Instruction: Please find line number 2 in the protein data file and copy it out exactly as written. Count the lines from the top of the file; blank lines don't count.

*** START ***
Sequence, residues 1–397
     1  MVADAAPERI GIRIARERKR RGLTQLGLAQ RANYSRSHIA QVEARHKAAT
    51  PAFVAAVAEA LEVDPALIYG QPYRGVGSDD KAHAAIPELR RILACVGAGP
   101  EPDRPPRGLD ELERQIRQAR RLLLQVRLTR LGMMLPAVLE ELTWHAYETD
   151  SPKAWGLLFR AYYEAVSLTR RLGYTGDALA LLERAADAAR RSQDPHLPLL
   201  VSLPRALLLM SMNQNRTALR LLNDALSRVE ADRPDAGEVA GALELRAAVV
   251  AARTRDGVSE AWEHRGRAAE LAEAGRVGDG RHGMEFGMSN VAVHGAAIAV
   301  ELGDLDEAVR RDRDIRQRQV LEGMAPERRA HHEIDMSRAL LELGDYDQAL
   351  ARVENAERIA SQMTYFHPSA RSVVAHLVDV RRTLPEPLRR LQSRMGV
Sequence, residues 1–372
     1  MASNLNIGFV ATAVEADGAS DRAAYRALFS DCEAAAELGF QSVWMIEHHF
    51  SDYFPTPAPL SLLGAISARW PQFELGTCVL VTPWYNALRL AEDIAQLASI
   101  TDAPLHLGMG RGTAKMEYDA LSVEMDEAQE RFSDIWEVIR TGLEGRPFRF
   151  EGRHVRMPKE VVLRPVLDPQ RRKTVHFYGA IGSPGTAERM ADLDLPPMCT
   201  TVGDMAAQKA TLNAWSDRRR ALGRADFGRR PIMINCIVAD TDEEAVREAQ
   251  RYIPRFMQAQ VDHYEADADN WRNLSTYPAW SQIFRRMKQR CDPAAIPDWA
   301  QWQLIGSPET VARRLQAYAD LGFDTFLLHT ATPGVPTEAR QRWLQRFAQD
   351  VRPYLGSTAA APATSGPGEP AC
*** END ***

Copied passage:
     1  MVADAAPERI GIRIARERKR RGLTQLGLAQ RANYSRSHIA QVEARHKAAT